If reducing or eliminating your anti-anxiety medication is your goal, create a reasonable tapering plan with your doctor.

Guided Meditation For Anxiety

ANXIETY/Guided meditation for stress relief / anxiety guided meditation ...

Reducing anxiety has more to do with the mind than it does with external circumstances. Guided meditation for anxiety can help provide some mental relief. You sometimes cant control whats happening to you or in the world around you. However, you can control how you feel and react to it.

In a world where more and more people are suffering from some sort of anxiety disorder, meditation can help people live more tranquil, calm lives.

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Meditation And Regulating Negative Emotions

Theres some research to suggest practicing meditation can help with managing negative emotions, such as anger and fear.

A small study published in February 2016 in the journal Consciousness and Cognition suggested that meditation may help people cope with anger. Furthermore, improvements were seen with just one session of meditation.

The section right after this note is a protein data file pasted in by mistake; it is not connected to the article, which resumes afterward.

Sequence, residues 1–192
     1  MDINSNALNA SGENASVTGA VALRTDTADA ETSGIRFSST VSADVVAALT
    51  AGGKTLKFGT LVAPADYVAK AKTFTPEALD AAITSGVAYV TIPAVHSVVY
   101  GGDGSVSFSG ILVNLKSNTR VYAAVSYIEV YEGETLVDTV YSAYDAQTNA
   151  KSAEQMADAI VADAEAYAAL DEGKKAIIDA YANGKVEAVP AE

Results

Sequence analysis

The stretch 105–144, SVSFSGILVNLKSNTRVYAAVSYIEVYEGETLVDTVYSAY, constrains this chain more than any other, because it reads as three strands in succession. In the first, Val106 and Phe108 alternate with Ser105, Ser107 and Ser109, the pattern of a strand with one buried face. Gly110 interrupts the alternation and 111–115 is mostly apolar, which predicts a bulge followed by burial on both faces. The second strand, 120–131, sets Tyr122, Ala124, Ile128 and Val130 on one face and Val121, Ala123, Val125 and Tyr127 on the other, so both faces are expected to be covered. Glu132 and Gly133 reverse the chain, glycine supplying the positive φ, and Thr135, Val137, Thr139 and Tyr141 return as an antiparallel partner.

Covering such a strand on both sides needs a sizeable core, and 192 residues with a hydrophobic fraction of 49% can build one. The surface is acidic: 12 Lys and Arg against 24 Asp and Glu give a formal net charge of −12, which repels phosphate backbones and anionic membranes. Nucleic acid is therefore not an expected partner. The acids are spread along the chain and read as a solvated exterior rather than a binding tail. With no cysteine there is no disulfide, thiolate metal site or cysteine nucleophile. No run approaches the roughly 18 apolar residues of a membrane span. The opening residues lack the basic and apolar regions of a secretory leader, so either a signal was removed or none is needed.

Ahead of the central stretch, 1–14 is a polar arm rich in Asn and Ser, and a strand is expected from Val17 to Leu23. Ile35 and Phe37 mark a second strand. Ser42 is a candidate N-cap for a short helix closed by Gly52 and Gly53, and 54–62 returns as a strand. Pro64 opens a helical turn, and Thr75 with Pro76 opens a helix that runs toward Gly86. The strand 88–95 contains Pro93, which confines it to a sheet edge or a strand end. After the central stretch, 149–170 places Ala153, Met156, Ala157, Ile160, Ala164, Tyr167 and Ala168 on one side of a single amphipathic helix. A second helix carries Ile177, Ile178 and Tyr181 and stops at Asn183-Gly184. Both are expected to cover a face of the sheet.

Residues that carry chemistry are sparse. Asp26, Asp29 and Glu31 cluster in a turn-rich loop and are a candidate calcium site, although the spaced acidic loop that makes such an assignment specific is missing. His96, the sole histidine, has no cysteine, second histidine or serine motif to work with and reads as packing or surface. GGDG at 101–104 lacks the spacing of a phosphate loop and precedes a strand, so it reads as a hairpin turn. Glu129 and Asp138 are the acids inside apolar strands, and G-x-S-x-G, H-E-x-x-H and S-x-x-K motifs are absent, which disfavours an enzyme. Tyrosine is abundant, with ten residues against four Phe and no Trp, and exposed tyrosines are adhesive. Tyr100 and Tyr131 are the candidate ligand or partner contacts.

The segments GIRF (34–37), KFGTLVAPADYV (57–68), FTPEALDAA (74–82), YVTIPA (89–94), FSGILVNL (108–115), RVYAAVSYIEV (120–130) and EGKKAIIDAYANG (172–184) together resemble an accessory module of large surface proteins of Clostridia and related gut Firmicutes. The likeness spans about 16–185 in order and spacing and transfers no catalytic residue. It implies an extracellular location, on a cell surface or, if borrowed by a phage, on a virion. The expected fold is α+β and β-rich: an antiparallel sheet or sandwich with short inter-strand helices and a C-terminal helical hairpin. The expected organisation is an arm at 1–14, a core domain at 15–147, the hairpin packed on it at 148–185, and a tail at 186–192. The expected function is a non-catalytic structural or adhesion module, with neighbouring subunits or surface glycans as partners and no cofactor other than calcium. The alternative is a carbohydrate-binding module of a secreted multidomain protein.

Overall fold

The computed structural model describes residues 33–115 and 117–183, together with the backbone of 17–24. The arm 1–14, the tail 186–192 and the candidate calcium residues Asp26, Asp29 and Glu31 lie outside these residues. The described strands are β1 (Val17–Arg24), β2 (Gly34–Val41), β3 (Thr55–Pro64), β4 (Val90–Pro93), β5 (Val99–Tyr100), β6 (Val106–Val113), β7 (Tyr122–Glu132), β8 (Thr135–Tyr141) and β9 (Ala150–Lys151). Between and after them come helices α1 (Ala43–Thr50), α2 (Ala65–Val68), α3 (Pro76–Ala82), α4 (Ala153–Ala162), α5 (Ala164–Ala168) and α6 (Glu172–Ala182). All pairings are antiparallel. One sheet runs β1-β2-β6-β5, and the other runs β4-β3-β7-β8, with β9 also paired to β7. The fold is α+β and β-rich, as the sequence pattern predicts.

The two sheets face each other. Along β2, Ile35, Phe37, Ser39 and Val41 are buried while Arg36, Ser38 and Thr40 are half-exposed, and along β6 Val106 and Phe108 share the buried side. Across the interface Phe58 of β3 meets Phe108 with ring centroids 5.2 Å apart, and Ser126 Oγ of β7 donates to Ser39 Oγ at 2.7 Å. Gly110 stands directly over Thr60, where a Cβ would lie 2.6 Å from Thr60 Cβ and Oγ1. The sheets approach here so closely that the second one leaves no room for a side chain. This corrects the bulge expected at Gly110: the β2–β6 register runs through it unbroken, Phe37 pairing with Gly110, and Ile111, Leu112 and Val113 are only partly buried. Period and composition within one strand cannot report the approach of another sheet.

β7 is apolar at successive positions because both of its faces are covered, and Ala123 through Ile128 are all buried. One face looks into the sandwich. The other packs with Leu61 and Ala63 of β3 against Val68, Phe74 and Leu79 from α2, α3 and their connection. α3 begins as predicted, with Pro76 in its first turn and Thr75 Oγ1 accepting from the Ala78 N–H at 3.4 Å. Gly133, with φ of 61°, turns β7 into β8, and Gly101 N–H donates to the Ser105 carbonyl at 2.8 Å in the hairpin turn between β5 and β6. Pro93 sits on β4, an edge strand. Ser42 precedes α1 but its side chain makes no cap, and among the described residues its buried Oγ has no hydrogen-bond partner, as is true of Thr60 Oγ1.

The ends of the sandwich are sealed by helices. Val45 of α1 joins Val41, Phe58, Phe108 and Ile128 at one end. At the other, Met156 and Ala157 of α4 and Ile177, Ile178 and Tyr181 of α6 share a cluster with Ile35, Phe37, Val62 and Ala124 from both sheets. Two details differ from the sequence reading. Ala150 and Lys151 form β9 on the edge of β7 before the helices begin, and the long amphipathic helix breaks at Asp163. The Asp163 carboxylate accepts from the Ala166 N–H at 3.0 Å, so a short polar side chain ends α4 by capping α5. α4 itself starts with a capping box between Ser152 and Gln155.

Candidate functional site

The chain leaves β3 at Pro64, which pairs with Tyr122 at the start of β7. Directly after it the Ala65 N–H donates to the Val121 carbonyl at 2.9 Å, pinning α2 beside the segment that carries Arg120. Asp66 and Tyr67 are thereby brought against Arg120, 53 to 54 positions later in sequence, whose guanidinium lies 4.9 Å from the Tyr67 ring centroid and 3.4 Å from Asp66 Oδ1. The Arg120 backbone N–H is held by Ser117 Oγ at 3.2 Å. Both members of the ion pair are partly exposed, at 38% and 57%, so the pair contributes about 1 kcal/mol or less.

For the study, researchers examined 15 people who were new to meditation and 12 who were experienced practitioners. The participants were asked to relive experiences that made them angry. Those who had never practiced meditation before experienced an increase in heart rate, blood pressure, and breathing rate, while those with experience in the practice did not have much of a physical reaction to the exercise.

As a second part of the experiment, those who had never meditated before did so for 20 minutes. When asked to relive the anger-inducing episode once more, they had much less of a physical response.